Oops, you're using an old version of your browser so some of the features on this page may not be displaying properly.

MINIMAL Requirements: Google Chrome 24+Mozilla Firefox 20+Internet Explorer 11Opera 15–18Apple Safari 7SeaMonkey 2.15-2.23

Poster display

3332 - Prognostic significance of the derived neutrophil-lymphocyte ratio in non-metastatic breast cancer: An institutional analysis from a tertiary care center in India


10 Oct 2016


Poster display


Chandan Das


Annals of Oncology (2016) 27 (6): 68-99. 10.1093/annonc/mdw365


C.K. Das1, A. Gogia2, S. Deo3, N.K. Shukla3, S. Mathur4, V. Sreenivas5, D. Sharma6

Author affiliations

  • 1 Medical Oncology, All India Institute of Medical Sciences, 110029 - New Delhi/IN
  • 2 Medical Oncology, All India Institute of Medical Sciences, New Delhi/IN
  • 3 Surgical Oncology, Institute of Rotary cancer Institute(IRCH), All India Institute of Medical Sciences, 110029 - New Delhi/IN
  • 4 Pathology, All India Institute of Medical Sciences, New Delhi/IN
  • 5 Biostatistics, All India Institute of Medical Sciences, New Delhi/IN
  • 6 Radiation Oncology, All India Institute of Medical Sciences, 110029 - New Delhi/IN


Abstract 3332


The prognostic value of cancer-associated inflammatory response has been evaluated in various solid malignancies.Derived Neutrophil to lymphocyte ratio (dNLR) is easily accessible and simple prognostic parameter of systemic inflammation associated with breast cancer. Data regarding the dNLR in breast cancer are limited in India. We assessed dNLR as a prognostic marker in patients with non-metastatic breast cancer treated at a tertiary care institute in North India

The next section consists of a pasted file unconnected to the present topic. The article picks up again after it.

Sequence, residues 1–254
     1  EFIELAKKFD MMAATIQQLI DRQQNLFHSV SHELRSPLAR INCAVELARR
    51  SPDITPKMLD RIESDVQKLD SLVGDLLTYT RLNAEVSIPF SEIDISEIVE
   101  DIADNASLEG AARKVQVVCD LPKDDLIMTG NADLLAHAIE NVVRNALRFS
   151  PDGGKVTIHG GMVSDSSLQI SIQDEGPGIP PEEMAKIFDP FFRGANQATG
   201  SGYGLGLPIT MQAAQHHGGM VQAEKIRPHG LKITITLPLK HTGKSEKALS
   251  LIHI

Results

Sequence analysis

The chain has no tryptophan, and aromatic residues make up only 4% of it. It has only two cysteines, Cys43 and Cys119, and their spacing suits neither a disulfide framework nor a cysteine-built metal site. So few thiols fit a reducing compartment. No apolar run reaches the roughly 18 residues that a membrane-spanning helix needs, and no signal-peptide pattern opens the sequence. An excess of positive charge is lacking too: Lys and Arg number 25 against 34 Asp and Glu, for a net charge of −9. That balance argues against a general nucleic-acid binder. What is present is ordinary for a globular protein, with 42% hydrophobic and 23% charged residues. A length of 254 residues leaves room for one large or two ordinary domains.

We retrospectively evaluated the impact of baseline peripheral neutrophil and lymphocyte counts on survival, and investigated the correlation between inflammatory biomarkers and clinico-pathological factors in 497 consecutively treated non-metastatic breast cancer patients between 2011-2014.


Baseline characeristics N = 497

Parameters Results
Age in years 47.7(23-85)
Presenting symptoms Lump > pain > ulcer > bleeding
Duration of symptoms in month 7.8 (1-72)
Stage I 18(4%), II 228(46%), III 251(50%)
Histology Ductal 485(97.5%),Lobular 7(1.5%),Metaplastic 5(1%)
Receptor Status ER + /PR + HER2- 209(42%), ER + /PR+ HER2 + ++ 85(17%), ER-PR-HER2 + ++ 71(14%), TNBC 132(27%)
Hemoglobin in gm% 11.42(7-16)
Total Leukocyte count in mm3 7369 (2450-21900)
Absolute Neutrophil Count in mm3 4506 (1100-19800)
Elevated dNLR 142(28.6%)
Neoadjuvant Therapy 115(27.5%)

Out of the 497 patients,with a median follow up of 33.5 months, the median disease free survival (DFS) was 33.1 months and 3-year estimated overall survival (OS) was 90%. Receiver operating curve (ROC) analysis showed a cutoff of 2 to be sensitive (60%) and specific (73.7%) with coefficient of 0.76. Pre-therapy high dNLR was independently associated with tendency to poor PFS (HR 0.7, 95%CI 0.4-1.04, p= 0.085) and reduced OS (HR of 3.8, 95% CI = 1.9–7.6, p< 0.001).On multivariate analysis, following factors were associated with inferior survival: elevated dNLR (HR 0.8,p = 0.049, 95% CI1.65-0.04), nodal disease(HR 0.09,p = 0.028, 95%CI 0.009-0.17), presenting duration >6 months (HR 0.04,p-0.014, 95%CI 0.008-0.72) and TNBC subgroups (HR1.5, p 


In patients with breast cancer, inflammatory biomarker like elevated dNLR is strongly associated with poor overall survival.It can be utilized as a readily available and reproducible prognostic factor for patients with non-metastatic breast cancer across subgroups and its integration into patient evaluation is relevant in resource limited countries like India.

Clinical trial identification

Not Available

Legal entity responsible for the study

Ethics Committee, All India Institute of Medical Science


All India Institute of Medical Science, New Delhi


All authors have declared no conflicts of interest.

This site uses cookies. Some of these cookies are essential, while others help us improve your experience by providing insights into how the site is being used.

For more detailed information on the cookies we use, please check our Privacy Policy.

Customise settings